“Well . . . yeah. I guess. He sure looks like the bastard that’s been holding up stagecoaches and leaving a bloody trail of bodies wherever he goes.”

“I’ve never held up a stage in my life, nor do I plan on it,” Chase told the lawman. “And you’d better tell the old coot to stop making accusations like this, or he’s going to wind up dead.”

The sheriff’s gun raised. “Shut your mouth, stranger. I’ll do the talkin’. Now, Hank, did you see the man who robbed your stage or not?”

“Well, it was kinda dark.” The old man scratched the stubble on his jaw. “But this here man sure does look like the leader of the Dover Gang.”

“You’d better be sure,” snapped the sheriff.

“Uh . . . I didn’t get a close look at him, but I could definitely recognize his horse. It’s one of them there painted horses, and a beaut at that. Cream colored with a white mane and black spots. It has one big black spot that looks like a skull right on its side.”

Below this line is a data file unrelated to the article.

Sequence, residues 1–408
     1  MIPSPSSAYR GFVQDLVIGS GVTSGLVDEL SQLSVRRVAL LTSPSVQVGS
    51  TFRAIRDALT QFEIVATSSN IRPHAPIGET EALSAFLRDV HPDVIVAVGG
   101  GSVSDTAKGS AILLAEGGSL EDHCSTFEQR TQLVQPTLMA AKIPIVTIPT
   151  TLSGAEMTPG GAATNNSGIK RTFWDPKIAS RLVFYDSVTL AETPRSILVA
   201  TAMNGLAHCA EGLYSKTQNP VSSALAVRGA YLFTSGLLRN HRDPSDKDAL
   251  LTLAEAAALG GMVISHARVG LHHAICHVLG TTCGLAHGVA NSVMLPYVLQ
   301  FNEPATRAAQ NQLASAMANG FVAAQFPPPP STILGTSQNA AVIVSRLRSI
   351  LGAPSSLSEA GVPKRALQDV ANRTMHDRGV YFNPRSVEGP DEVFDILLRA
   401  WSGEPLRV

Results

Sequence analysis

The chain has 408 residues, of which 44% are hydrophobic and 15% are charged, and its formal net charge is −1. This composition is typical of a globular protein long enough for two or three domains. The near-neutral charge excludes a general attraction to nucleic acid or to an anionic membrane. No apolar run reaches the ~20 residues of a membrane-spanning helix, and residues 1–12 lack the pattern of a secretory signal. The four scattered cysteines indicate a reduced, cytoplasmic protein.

“Emil, check the hitching post outside the saloon,” the sheriff said with a nod of his head to a man standing near the door.

The man named Emil walked over to the door, opening it with his shoulder and surveying the street. “Nope. Just three brown horses, and two black ones, and one pure white that’s nothin’ more than buzzard bait. I don’t see no fancy painted ones at all.”

“That’s because my horse is the one you’re referring to as buzzard bait – which by the way is far from the truth,” Chase told him, slowing taking his feet off the table and putting them on the floor. He knew his horse was old and slow, but he wasn’t in any hurry so it didn’t matter. Still, he didn’t like anyone referring to her in such a derogatory manner. His horse, Ol’ Marey, had been with him as he drifted over the lands for years now and had never done him wrong. “And I’m not this Bloody Bart you’re looking for, sheriff, so put down your gun already, will ya?”

“Hank, you dunderhead! You made a mistake, didn’t you?” growled the lawman.

“I . . . s’pose,” the man said scratching his head. “But I swear he looks a lot like ol’ Bloody Bart.”

“Dammit,” swore the sheriff, “what in the tarnation were you thinking? He slowly lowered his gun. “All right, stranger, you’re free to go. But I warn you to make tracks before someone feels obliged to help you bite the ground. Because if you look anything like Bloody Bart, you’re going to have a heapful of trouble following you wherever you go.”